Republican gubernatorial incumbent Greg Abbott is seeking his third term in office; Democrat Robert “Beto” O’Rourke is challenging him for the Texas governor’s seat. With a little over one month remaining until election day, both candidates have been the beneficiaries of out-of-state fundraisers and donations—totaling millions of dollars—thus begging the question: Is it proper for Texas politicians to accept money from sources outside of the state?
The U.S. Supreme Court has defined political contributions and expenditures as integral to free speech and participation in democratic self-government; yet the Federal Election Commission forbids certain groups (e.g., foreign nationals, corporations, labor organizations, federal government contractors) from contributing, donating, or spending funds in connection with any federal, state, or local election in the U.S. We intuitively understand that we don’t want Russian citizens contributing to our local mayor’s race, and that we wouldn’t be welcome to contribute to a candidate for prime minister in Sweden. “Foreign influence” in elections is universally frowned upon.
Even with this universal disdain for outside influence, federal courts have invalidated bans on cross-border contributions as inconsistent with the First Amendment and undermining American federalism. Apart from Alaska and Hawaii, no state limits out-of-state expenditures for politicians, and no law exists prohibiting a U.S. citizen from contributing to any candidate for political office—either within or outside of the individual’s residence and/or regional jurisdiction. The US Federal system enables election interference between states under the guise of “free speech.”
For states to serve as counterweights to the overreaching, behemoth federal government, they must be irrevocably different from the centralized government. When state elections are influenced and shaped by individuals from across the nation, a significant separation from the tenuous federal approach to freedom and autonomy cannot be realized. Political participation ought to be restricted to state residents to distinguish states from the federal government and from one another.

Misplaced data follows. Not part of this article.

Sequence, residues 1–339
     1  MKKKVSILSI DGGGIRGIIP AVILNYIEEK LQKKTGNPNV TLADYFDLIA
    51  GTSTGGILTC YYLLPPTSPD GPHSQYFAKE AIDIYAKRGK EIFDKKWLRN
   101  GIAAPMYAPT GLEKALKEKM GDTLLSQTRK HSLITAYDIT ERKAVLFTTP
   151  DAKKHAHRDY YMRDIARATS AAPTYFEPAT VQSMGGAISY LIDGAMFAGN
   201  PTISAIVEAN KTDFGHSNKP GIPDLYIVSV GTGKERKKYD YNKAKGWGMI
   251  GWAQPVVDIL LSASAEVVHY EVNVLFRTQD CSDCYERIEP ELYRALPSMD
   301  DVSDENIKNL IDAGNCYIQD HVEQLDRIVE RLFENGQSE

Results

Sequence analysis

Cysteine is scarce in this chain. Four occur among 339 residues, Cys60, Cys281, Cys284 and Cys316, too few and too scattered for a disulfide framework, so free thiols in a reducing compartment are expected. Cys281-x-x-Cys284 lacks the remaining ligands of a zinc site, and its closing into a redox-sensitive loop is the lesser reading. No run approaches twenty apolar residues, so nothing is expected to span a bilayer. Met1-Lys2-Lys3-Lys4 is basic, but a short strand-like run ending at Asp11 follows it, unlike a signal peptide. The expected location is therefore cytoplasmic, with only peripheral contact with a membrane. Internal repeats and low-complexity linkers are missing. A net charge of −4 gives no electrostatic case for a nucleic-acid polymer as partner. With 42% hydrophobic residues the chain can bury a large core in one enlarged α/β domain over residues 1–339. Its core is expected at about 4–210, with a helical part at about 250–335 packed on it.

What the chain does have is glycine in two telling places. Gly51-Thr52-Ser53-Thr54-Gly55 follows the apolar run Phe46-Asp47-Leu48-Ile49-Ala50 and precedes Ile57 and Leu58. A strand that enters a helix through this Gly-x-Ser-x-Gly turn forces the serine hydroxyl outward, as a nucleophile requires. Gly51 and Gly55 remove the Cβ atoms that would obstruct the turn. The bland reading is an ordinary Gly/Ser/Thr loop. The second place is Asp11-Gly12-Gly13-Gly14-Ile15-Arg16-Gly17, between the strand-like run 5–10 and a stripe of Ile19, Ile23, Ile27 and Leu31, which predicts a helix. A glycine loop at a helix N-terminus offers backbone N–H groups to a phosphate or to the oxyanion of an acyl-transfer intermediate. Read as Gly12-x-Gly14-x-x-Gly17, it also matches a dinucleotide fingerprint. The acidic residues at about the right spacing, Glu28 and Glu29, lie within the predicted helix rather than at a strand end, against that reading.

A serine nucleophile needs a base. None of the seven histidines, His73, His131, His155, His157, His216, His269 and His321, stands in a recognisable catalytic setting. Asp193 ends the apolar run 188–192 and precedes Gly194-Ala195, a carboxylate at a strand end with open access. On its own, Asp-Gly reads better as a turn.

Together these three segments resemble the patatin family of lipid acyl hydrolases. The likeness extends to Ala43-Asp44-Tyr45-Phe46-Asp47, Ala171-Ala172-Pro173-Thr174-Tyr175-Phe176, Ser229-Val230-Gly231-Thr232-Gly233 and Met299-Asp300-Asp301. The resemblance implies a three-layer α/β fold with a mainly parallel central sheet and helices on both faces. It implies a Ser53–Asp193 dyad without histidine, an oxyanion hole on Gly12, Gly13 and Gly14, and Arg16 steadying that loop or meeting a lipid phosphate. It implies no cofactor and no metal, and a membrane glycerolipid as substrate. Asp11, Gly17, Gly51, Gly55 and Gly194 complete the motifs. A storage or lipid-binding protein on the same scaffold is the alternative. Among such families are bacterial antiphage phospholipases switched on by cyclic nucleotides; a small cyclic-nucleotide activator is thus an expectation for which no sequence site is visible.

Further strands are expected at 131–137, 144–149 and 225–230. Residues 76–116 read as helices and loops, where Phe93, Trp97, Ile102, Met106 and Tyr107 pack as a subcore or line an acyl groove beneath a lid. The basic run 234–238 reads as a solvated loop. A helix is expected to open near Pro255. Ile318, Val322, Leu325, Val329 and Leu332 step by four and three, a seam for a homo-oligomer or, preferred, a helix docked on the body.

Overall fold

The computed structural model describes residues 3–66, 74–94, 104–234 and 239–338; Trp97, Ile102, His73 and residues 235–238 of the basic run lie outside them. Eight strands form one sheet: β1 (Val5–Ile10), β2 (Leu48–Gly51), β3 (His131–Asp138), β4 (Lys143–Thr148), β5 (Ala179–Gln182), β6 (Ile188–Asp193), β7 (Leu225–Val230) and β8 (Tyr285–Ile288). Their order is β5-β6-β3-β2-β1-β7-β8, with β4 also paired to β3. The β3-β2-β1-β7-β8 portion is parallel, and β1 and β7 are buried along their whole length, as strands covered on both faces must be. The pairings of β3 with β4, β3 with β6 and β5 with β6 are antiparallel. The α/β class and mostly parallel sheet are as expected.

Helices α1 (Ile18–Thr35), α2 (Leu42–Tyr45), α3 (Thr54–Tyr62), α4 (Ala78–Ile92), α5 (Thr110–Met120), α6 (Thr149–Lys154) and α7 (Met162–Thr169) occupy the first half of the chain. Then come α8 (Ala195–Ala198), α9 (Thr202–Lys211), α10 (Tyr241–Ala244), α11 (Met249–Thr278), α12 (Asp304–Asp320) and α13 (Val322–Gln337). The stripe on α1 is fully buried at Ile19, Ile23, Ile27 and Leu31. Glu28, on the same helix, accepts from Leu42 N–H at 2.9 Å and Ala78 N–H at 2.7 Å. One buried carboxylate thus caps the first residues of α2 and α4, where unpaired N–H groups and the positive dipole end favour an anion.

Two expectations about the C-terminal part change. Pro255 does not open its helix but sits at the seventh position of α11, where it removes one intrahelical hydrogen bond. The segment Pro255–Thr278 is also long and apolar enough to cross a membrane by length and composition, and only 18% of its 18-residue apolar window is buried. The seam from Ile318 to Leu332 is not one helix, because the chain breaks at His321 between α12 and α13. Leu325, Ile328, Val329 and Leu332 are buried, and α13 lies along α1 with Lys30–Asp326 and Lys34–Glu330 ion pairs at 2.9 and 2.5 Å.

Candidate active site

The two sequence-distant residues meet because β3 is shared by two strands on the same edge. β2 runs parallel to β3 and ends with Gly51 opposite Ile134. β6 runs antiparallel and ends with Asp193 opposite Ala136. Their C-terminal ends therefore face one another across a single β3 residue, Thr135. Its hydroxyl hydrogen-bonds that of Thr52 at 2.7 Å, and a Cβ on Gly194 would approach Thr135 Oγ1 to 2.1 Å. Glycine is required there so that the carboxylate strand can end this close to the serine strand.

California has Been Good to Both Abbott and O’Rourke
Texas has no campaign finance contribution limits, and big money, out-of-state donors are unquestionably influencing the Texas governor’s race.
Since winning a second term, one of Abbott’s top donors has been California billionaire, Edward Roski Jr., a part-owner of the Los Angeles Lakers basketball team. Additionally, the Texas governor has been a guest-speaker of the Lincoln Club in Orange County, attending a fundraiser where donors paid up to $25,000 to support his re-election.
California has certainly done its best to financially support O’Rourke as well. Earlier this month O’Rourke was the beneficiary of a $2,500 per person L.A. fundraiser, hosted by two Obama administration officials: former U.S. Ambassador to Spain, James Costos, and White House interior designer for the Obamas, Michael Smith. Filmmaker Rob Reiner also helped plan the event.
Last week, another private fundraiser for O’Rourke was held in New York City at the home of actress and actor, Sarah Jessica Parker and Matthew Broderick. Guests paid either $5,000 or $10,000 for a ticket to the event. Additionally, celebrities Gwyneth Paltrow, Jimmy Kimmel and Meg Ryan have donated to O’Rourke’s election efforts.